The AFL-CIO recently posted a health care survey on its web site.
And in the key question (question 21) about the future of the health care system, the AFL gives you a choice.
Health care reform should let people choose to have private insurance or a public health insurance plan.
Health insurance should remain in the hands of private insurance companies.
There is no choice for single payer:
The hundreds of private health insurance companies should be replaced by a single payer.
Single payer is the choice of a majority of individual members of the AFL, a majority of Americans, a majority of doctors, nurses, health economists and small businesses.
But the AFL-CIO leaves it out.
Because the AFL doesn't want to offend the private health insurance industry, the pharmaceutical industry, President Obama and the Democratic leadership in the House and Senate - who have taken single payer off the table.
Or as House Speaker Nancy Pelosi put it last week:
"Over and over again, we hear single payer, single payer, single payer. Well, it's not going to be a single payer."
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Many within the AFL-CIO, including Rose Ann DeMoro, head of the California Nurses Association, and a key single payer supporter, know that the AFL is corrupt to the core.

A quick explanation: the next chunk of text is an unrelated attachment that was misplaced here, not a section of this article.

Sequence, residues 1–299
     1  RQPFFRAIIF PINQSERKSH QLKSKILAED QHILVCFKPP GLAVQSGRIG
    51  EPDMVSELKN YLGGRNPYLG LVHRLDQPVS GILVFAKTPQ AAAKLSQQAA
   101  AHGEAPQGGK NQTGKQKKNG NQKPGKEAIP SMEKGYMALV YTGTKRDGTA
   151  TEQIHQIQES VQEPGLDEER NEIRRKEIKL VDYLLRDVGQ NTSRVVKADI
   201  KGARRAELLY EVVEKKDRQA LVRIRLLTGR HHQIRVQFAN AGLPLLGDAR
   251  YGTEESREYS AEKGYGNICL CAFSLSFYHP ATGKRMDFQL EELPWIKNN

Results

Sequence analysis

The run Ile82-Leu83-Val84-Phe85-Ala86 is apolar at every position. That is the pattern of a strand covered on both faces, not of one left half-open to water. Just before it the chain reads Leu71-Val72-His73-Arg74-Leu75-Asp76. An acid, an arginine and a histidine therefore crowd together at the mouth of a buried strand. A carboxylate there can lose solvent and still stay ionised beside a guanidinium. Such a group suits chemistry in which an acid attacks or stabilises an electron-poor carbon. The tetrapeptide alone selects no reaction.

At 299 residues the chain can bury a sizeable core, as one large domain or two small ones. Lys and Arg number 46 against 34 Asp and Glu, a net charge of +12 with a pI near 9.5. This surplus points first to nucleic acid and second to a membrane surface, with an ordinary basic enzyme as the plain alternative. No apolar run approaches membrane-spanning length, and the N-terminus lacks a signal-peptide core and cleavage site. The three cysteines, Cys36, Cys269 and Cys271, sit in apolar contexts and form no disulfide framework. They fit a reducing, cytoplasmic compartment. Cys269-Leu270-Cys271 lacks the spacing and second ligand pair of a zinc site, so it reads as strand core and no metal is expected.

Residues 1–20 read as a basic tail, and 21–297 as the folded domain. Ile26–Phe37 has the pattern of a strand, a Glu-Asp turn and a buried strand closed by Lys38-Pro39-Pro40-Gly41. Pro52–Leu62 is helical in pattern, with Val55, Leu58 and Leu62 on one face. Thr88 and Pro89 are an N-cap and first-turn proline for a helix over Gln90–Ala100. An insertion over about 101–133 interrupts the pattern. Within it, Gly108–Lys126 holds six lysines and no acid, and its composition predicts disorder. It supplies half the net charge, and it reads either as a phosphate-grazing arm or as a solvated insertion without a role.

Yet they bite their tongues.
It's either that, or banishment.
Or if they criticize, the criticism is so mild as to go unnoticed.
Andy Coates is an MD and steward in the Public Employees Federation of the AFL.
"Everyone knows that single payer is supported by many within labor," Coates said yesterday. "Over 500 union organizations, including 39 state AFL-CIO's and 126 Central Labor Councils, have endorsed HR 676 (the House single payer bill) which is co-sponsored by 76 members in the House of Representatives. Recently, Vermont Senator Bernie Sanders, a friend of labor, introduced SB 703, a single payer bill, in the Senate."
"Since a large section of unions and union members supports a single payer solution to the health care crisis, it is unfair to construct a survey that completely ignores opinions from single payer advocates," Coates said.
It's not only unfair, Dr. Coates.
When the majority of your membership wants single payer.
And you don't even put it on the survey.
That's more than unfair.
The only question remaining is:
How corrupt is that?